10:13am Friday 22 September 2017

New Report Highlights LGBT Older Adults’ Needs, Identifies Policy Opportunities

“Given the voluminous gerontological literature that has built up over the past half-century, it is hard to imagine that any set of aging populations has been largely ignored or under-investigated. Yet, LGBT older adults have remained nearly invisible to the community of advocates, researchers, practitioners, administrators, and politicians who associate themselves with the modern aging enterprise,” said PPAR Editor Robert Hudson, PhD, chair of the Department of Social Policy at the Boston University School of Social Work. “This issue of Public Policy & Aging Report takes a step toward filling that void.”

LGBT older adults make up a significant share of America’s 65+ population, and their numbers are expected to double in size over the next several decades, reaching more than 3 million by 2030.  An increase in numbers signals a growing need to ensure that the policies designed to protect our nation’s elders take into account the needs of LGBT older adults.

“Despite recent policy advances, LGBT older adults still face significant barriers to successful aging, such as poor health outcomes, a lack of economic security, social isolation, and unequal treatment under the law and in programs aimed at aging populations,” said Michael Adams, executive director of SAGE. “SAGE is pleased to partner with the National Academy on an Aging Society on this issue of Public Policy & Aging Report to bring LGBT elders’ concerns into the spotlight to transform discussions on aging nationwide.”

PPAR, distributed to thousands of thought leaders in the aging field, explores policy issues generated by the aging of American society. Each thematic issue is designed to stimulate debate, highlight emerging concerns and propose alternative policy solutions.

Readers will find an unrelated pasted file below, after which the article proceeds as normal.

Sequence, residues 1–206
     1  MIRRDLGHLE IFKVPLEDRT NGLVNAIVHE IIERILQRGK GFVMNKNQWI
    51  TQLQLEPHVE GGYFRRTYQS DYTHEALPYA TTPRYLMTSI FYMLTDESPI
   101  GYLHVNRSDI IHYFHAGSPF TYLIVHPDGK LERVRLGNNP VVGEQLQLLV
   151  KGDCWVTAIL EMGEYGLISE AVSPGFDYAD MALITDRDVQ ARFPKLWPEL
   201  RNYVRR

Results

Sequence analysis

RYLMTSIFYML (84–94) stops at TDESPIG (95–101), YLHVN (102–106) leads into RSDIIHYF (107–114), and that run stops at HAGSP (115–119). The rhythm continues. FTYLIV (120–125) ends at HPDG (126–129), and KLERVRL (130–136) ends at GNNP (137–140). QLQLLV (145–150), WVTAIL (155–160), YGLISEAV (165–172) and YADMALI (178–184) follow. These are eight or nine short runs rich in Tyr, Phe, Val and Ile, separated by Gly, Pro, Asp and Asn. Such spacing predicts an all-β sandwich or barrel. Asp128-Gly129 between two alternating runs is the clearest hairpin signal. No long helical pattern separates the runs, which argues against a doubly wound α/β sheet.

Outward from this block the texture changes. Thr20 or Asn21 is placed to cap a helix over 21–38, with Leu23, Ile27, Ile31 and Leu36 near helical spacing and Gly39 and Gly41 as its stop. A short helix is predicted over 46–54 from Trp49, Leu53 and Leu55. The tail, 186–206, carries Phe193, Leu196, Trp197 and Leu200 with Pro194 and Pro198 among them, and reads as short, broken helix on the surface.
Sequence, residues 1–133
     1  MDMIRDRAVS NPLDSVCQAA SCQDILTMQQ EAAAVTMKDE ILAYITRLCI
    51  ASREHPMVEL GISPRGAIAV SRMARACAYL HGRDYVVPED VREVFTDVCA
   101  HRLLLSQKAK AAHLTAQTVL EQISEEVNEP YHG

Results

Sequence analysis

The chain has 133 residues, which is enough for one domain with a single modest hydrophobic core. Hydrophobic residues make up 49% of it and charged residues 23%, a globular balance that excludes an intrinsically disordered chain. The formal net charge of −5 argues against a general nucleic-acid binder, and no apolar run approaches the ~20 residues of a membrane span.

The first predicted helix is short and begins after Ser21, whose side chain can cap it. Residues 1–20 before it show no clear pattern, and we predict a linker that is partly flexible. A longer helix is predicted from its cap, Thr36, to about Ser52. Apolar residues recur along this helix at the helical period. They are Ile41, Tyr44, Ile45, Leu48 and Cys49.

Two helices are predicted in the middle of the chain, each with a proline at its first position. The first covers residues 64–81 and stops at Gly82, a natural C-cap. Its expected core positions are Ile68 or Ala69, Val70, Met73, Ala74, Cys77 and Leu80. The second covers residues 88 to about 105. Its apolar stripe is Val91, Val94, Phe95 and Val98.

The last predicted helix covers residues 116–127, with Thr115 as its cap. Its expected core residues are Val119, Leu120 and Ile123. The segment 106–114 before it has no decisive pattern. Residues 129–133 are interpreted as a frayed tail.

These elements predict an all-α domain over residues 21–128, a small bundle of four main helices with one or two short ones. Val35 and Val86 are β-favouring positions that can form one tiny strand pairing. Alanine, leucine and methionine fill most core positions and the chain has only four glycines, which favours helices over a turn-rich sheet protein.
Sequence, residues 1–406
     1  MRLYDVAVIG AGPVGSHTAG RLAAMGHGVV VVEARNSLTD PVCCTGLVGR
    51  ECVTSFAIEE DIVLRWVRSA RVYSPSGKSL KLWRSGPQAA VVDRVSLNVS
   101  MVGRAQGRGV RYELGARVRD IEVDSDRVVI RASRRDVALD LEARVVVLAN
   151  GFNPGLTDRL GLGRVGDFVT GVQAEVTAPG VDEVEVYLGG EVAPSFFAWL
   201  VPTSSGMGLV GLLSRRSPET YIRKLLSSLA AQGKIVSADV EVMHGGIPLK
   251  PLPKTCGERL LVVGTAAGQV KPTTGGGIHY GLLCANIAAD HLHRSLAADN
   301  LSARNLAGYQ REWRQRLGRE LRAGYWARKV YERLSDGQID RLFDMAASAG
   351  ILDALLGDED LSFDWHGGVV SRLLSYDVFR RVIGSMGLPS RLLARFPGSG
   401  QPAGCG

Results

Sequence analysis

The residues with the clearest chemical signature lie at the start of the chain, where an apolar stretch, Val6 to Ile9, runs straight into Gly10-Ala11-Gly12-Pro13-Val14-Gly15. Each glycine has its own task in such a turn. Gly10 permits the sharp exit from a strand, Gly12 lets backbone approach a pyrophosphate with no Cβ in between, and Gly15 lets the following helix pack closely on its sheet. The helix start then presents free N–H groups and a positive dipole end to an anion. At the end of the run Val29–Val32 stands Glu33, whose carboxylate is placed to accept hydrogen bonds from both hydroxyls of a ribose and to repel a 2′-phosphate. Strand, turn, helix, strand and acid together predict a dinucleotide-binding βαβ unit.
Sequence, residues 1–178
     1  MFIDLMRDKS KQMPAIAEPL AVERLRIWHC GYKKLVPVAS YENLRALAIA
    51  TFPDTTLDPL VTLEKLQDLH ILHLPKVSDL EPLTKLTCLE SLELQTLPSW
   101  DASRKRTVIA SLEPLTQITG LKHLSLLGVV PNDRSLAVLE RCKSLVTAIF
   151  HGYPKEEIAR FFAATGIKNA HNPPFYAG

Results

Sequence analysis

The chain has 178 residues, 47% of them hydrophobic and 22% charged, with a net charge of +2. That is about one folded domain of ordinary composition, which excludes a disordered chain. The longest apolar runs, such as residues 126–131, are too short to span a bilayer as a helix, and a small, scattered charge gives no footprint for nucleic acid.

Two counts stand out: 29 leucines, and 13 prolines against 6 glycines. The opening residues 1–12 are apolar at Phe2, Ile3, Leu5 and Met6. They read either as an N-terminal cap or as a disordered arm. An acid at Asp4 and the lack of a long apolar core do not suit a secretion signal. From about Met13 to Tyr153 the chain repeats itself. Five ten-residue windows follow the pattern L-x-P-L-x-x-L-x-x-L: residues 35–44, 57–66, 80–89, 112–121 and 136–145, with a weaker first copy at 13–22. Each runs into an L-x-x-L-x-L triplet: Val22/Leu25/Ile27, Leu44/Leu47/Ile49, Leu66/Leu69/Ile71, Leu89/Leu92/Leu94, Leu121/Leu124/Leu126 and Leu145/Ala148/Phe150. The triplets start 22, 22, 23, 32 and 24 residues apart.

The current issue, cosponsored by SAGE, explores several topics related to LGBT aging, including the absence of research and public policies devoted to LGBT populations; the failure of existing broad-based aging policies to incorporate LGBT needs and interests; the need for cultural competency training among services personnel; coalition work between organizations working with LGBT older adults and elders of color to advance common policy goals; and the profound implications of a demographic estimate showing that one in two Americans living with HIV will be 50 and older by 2015. The issue also gives an overview of the current state of LGBT aging policy and advocacy, and highlights important new research from a landmark nationwide study of LGBT older adults and their health.

This issue’s authors include several leaders in the LGBT and aging fields, including Michael Adams, SAGE; Kellan Baker and Jeff Krehely, Center for American Progress; Lilliam Barrios-Paoli, New York City Department for the Aging; Brian de Vries, San Francisco State University; Robert Espinoza, SAGE; Karen Fredriksen-Goldsen, PhD, University of Washington; Hilary Meyer, National Resource Center on LGBT Aging; Nathan Schaefer, Gay Men’s Health Crisis; Daniel Tietz, AIDS Community Research Initiative of America; Catherine Thurston, SAGE; and Harper Jean Tobin, National Center for Transgender Equality.

Read the issue online at sageusa.org. Print copies of the current issue of PPAR, published by the National Academy on an Aging Society, are available for purchase at agingsociety.org.

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The National Academy on an Aging Society is the policy institute of The Gerontological Society of America, the nation’s oldest and largest interdisciplinary organization devoted to research, education, and practice in the field of aging. The principal mission of the Society — and its 5,400+ members — is to advance the study of aging and disseminate information among scientists, decision makers, and the general public.

Services & Advocacy for GLBT Elders (SAGE) is the country’s largest and oldest organization dedicated to improving the lives of LGBT older adults. SAGE has pioneered programs and services for the aging LGBT community, provided technical assistance and training to expand opportunities for LGBT older people across the country, and provided a national voice on LGBT aging issues.  In 2005, SAGE became the first official LGBT delegate at the White House Conference on Aging.  In 2010, SAGE was awarded a three-year $900,000 grant from the U.S. Department of Health and Human Services and the Administration on Aging to seed the creation of the nation’s only National Resource Center on LGBT Aging. Learn more at sageusa.org and lgbtagingcenter.org.


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